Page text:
In 2002 Malcolm Gladwell wrote a profile of Nassim Nicholas Taleb (one of my favorite philosophers, if I can categorize him that way). The profile includes this description of how humans view risk, and I think it's important to digest it so that you can evaluate your own risk biases and how they affect your life.

What Empirica has done is to invert the traditional psychology of investing. You and I, if we invest conventionally in the market, have a fairly large chance of making a small amount of money in a given day from dividends or interest or the general upward trend of the market. We have almost no chance of making a large amount of money in one day, and there is a very small, but real, possibility that if the market collapses we could blow up. We accept that distribution of risks because, for fundamental reasons, it feels right. In the book that Pallop was reading by Kahneman and Tversky, for example, there is a description of a simple experiment, where a group of people were told to imagine that they had three hundred dollars. They were then given a choice between (a) receiving another hundred dollars or (b) tossing a coin, where if they won they got two hundred dollars and if they lost they got nothing. Most of us, it turns out, prefer (a) to (b). But then Kahneman and Tversky did a second experiment. They told people to imagine that they had five hundred dollars, and then asked them if they would rather (c) give up a hundred dollars or (d) toss a coin and pay two hundred dollars if they lost and nothing at all if they won. Most of us now prefer (d) to (c). What is interesting about those four choices is that, from a probabilistic standpoint, they are identical. They all yield an expected outcome of four hundred dollars. Nonetheless, we have strong preferences among them. Why? Because we're more willing to gamble when it comes to losses, but are risk averse when it comes to our gains. That's why we like small daily winnings in the stock market, even if that requires that we risk losing everything in a crash.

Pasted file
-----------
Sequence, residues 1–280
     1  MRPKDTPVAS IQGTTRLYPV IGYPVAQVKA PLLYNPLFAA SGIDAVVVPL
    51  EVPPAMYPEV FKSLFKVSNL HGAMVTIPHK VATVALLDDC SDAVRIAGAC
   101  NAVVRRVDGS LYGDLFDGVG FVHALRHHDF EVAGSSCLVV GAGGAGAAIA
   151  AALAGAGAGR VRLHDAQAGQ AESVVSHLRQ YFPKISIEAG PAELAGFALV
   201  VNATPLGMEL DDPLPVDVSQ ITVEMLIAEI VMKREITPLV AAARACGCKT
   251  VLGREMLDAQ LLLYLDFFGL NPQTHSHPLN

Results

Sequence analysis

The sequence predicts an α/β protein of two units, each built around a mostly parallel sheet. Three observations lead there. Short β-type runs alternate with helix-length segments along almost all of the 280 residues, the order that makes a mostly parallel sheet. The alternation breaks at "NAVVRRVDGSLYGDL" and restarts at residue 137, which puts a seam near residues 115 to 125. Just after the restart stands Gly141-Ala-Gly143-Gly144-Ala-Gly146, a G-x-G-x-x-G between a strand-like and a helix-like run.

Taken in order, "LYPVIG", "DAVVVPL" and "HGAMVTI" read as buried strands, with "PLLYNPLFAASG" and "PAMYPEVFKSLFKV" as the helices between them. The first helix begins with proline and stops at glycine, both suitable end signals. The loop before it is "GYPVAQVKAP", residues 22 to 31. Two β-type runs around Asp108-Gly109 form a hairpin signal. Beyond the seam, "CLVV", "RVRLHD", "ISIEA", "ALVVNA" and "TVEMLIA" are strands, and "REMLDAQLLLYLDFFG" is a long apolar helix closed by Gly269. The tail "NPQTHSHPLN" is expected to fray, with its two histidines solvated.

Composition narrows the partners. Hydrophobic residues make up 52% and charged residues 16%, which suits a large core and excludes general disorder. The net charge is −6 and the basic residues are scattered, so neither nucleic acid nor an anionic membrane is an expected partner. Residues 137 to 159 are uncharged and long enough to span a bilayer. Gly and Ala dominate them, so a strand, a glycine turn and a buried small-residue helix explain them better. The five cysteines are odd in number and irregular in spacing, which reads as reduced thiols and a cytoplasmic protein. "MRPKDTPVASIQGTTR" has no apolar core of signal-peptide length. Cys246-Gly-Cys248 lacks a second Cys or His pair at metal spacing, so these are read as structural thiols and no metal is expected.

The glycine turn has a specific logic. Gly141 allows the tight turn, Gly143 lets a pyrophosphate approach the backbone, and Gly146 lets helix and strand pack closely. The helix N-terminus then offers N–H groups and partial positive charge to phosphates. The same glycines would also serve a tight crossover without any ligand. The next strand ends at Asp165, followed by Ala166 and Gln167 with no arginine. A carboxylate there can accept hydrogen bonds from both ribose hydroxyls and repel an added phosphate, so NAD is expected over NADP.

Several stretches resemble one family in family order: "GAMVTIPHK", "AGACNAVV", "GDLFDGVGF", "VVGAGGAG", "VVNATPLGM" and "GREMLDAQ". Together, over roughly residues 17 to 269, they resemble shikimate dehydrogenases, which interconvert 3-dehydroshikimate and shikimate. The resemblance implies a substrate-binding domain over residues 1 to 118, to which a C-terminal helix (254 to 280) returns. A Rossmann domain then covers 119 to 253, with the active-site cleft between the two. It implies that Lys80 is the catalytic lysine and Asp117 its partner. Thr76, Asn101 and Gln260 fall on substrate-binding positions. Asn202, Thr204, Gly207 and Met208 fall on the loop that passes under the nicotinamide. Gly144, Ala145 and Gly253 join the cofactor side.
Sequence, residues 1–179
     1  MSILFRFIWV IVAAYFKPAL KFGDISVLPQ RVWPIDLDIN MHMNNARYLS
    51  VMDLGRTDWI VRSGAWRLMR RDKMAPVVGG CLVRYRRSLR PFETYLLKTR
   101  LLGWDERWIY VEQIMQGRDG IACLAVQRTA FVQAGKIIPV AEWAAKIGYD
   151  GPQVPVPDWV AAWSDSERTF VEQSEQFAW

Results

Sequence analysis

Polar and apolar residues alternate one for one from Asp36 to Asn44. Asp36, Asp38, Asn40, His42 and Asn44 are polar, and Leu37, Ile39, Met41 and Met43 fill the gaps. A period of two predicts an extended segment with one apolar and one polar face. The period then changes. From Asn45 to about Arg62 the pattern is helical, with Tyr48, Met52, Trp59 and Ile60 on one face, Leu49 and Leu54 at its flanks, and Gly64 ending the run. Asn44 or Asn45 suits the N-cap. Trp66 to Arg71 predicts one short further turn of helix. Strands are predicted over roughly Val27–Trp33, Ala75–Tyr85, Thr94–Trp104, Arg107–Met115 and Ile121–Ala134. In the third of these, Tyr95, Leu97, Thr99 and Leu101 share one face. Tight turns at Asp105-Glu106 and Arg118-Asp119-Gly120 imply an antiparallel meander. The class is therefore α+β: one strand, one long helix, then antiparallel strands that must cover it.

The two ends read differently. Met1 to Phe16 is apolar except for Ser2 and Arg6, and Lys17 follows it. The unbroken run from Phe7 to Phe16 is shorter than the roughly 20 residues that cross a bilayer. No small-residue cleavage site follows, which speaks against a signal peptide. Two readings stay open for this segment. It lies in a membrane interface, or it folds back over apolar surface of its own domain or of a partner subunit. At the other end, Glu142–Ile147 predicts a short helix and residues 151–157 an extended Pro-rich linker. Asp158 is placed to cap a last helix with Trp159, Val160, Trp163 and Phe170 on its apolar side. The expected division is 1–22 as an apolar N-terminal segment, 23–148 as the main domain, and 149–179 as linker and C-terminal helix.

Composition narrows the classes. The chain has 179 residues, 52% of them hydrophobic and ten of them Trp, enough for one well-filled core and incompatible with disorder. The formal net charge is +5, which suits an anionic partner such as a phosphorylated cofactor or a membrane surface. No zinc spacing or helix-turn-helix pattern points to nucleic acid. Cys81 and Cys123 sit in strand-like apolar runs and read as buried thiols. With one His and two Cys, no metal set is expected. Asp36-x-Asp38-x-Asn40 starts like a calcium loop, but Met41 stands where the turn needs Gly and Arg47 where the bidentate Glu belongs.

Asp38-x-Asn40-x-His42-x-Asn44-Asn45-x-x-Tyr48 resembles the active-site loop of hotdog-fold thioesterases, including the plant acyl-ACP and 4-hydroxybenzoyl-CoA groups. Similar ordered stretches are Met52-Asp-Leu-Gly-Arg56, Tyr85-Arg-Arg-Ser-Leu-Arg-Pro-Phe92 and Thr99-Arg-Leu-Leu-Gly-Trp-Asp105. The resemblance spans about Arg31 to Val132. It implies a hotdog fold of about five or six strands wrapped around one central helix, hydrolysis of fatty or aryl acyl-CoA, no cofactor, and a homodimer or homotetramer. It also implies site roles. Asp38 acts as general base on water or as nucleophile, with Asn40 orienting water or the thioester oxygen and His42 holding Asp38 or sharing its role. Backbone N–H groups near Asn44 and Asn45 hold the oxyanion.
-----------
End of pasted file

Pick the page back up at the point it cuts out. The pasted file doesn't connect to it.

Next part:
At Empirica, by contrast, every day brings a small but real possibility that they'll make a huge amount of money in a day; no chance that they'll blow up; and a very large possibility that they'll lose a small amount of money. All those dollar, and fifty-cent, and nickel options that Empirica has accumulated, few of which will ever be used, soon begin to add up. By looking at a particular column on the computer screens showing Empirica's positions, anyone at the firm can tell you precisely how much money Empirica has lost or made so far that day. At 11:30 A.M., for instance, they had recovered just twenty-eight percent of the money they had spent that day on options. By 12:30, they had recovered forty per cent, meaning that the day was not yet half over and Empirica was already in the red to the tune of several hundred thousand dollars. The day before that, it had made back eighty-five per cent of its money; the day before that, forty-eight per cent; the day before that, sixty-five per cent; and the day before that also sixty-five per cent; and, in fact-with a few notable exceptions, like the few days when the market reopened after September 11th -- Empirica has done nothing but lose money since last April. "We cannot blow up, we can only bleed to death," Taleb says, and bleeding to death, absorbing the pain of steady losses, is precisely what human beings are hardwired to avoid. "Say you've got a guy who is long on Russian bonds," Savery says. "He's making money every day. One day, lightning strikes and he loses five times what he made. Still, on three hundred and sixty-four out of three hundred and sixty-five days he was very happily making money. It's much harder to be the other guy, the guy losing money three hundred and sixty-four days out of three hundred and sixty-five, because you start questioning yourself. Am I ever going to make it back? Am I really right? What if it takes ten years? Will I even be sane ten years from now?" What the normal trader gets from his daily winnings is feedback, the pleasing illusion of progress. At Empirica, there is no feedback. "It's like you're playing the piano for ten years and you still can't play chopsticks," Spitznagel say, "and the only thing you have to keep you going is the belief that one day you'll wake up and play like Rachmaninoff."

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